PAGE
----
For two of my free days in Beijing, i hired an agency to give me two “day tours.” This was surprisingly affordable, even for me by myself. (It gets cheaper per person the more people in your party.) For me alone, it cost $142 per day, and i took two customized tours. This included a) an english-speaking guide to take me through the sites and give me all the information, b) an air-conditioned car with a driver to take us door-to-door for each attraction, c) all entry fees to the temples and various attractions, and d) lunch. Our days started at 9 and lasted until about 3 pm each day. If i had lingered longer at the sites or shopped more, they would have babysat me until 5 pm per the contract. Definitely worth the cost, in my opinion, especially in a city that is not particularly English-friendly.
My guide was Ani and she was perfectly pleasant. The driver was introduced to me as Mr. Wong, so that’s what i called him, despite him being younger than me, dressed in jeans and having sunglasses glued to his face. He was quite capable as a driver, scaring me only a few times and only once scraping his side mirror lightly against a bus.
On Sunday, the highlight was the Summer Palace. This was the emporer’s equivalent of a Florida beach house. He and his wife and concubines would retire here during the summer months, because the breeze off the water was cooler. It was quite nice. The day was smoggy, though. This picture is taken from out in the lake. We aren’t even that far from shore, but the palace is behind a slight haze. The air quality in Beijing is very bad. I was lucky to have some nice days for my first week, but the last three have been terrible, ranking in the “very unhealthy” category according to the Beijing Air Quality Index that is reported by the American Embassy.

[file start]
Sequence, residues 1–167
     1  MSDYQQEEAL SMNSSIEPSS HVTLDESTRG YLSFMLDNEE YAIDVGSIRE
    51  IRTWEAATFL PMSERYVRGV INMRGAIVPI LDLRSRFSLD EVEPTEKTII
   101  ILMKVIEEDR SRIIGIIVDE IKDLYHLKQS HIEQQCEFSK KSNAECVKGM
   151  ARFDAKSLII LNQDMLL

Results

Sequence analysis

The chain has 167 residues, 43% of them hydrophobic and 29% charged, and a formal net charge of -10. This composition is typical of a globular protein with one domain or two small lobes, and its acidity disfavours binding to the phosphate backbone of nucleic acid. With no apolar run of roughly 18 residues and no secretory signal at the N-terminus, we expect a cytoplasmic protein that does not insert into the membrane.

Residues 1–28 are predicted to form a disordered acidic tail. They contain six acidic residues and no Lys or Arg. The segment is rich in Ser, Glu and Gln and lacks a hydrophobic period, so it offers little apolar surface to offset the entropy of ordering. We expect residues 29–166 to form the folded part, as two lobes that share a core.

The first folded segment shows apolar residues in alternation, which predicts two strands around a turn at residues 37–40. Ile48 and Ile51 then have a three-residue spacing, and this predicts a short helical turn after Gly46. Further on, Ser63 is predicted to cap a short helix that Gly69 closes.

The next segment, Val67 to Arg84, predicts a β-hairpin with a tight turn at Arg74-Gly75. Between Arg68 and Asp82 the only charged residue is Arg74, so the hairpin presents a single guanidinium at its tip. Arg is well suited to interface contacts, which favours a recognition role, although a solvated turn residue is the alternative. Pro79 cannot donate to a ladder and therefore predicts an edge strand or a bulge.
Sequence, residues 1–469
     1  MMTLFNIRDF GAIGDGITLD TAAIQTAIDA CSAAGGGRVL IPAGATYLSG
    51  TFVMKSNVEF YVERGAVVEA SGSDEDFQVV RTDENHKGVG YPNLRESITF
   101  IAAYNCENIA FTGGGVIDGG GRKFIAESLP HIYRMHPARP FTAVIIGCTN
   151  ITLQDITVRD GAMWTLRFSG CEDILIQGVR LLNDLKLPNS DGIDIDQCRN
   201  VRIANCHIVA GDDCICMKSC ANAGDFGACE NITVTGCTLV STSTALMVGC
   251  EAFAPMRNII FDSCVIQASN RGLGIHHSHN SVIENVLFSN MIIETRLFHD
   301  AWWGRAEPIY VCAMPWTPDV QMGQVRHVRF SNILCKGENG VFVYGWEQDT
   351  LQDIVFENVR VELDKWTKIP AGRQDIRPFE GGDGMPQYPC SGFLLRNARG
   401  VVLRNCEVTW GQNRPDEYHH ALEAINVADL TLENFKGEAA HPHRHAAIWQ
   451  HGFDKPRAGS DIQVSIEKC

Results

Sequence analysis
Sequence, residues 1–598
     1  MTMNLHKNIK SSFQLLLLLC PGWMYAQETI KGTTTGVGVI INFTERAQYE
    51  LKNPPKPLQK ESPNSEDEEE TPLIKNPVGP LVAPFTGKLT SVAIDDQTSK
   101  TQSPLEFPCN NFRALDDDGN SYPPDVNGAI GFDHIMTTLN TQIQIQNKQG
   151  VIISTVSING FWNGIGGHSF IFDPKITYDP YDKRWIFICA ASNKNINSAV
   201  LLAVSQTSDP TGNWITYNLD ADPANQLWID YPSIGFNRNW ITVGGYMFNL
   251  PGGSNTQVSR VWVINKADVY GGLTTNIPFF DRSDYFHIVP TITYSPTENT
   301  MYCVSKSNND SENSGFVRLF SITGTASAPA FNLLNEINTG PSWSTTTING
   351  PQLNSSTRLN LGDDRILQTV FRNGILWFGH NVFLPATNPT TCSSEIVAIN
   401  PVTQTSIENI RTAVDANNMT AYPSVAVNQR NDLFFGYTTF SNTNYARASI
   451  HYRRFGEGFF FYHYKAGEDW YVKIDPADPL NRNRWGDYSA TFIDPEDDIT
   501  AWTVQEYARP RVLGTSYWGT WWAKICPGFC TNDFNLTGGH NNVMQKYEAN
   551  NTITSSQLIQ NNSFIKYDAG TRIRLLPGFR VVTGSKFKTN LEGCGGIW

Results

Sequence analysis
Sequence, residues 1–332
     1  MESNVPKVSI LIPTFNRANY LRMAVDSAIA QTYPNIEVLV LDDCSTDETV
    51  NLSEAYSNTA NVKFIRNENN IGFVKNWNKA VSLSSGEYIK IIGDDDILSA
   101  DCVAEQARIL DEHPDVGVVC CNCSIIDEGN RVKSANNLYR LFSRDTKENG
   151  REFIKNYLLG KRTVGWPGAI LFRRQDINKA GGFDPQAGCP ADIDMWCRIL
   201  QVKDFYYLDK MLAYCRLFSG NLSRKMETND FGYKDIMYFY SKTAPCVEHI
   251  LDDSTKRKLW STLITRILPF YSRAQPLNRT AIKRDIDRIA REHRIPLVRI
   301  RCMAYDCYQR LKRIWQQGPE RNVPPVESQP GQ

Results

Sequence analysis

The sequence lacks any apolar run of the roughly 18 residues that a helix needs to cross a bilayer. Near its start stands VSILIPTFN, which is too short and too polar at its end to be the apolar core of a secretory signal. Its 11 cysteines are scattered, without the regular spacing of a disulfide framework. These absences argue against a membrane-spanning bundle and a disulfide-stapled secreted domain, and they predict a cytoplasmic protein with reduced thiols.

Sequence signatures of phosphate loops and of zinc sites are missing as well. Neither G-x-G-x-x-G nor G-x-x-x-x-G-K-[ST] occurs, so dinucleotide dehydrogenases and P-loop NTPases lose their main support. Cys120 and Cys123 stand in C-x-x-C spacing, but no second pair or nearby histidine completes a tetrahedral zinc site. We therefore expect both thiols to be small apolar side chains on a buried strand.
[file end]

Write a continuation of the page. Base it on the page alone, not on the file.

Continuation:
I got to ride in a boat – a dragon boat!
The second day had a bit more excitement. First we went to see the pandas. This guy is kicking back in an easy chair and chomping on some breakfast.
Another stop during the day was the Confucious Temple. I thought he was just a wise old guy that they revered, but he has some divine tablets and everything. So he has at least some god-like qualities for the Chinese.
The Buddhist Temple was pretty cool. It smelled great, because there were a bunch of people there burning incense and making offerings to Buddha. There were over 1000 Buddhas in and around the temple. I was a little surprised to see that most of them did not have big fat bellies. The “smiling Buddha” did have a big belly, but the rest of them seemed to be serene normal-sized men. In the back of the temple was the biggest damn Buddha you’ll ever see.
We ended the day with some hutongs. “Hutong” means “side street” and these are special because they are kind of old fashioned. We strolled down one hutong that had just a ton of cute little shops and food vendors. Then we hitched a ride on a rickshaw to take us through a bunch more hutongs and to drive us past Honhai Lake. It was a nice little jaunt, though the brakes on those things were loud and screechy and made you want to cover your ears. The hutongs were by far one of the coolest things i’ve done while i was here.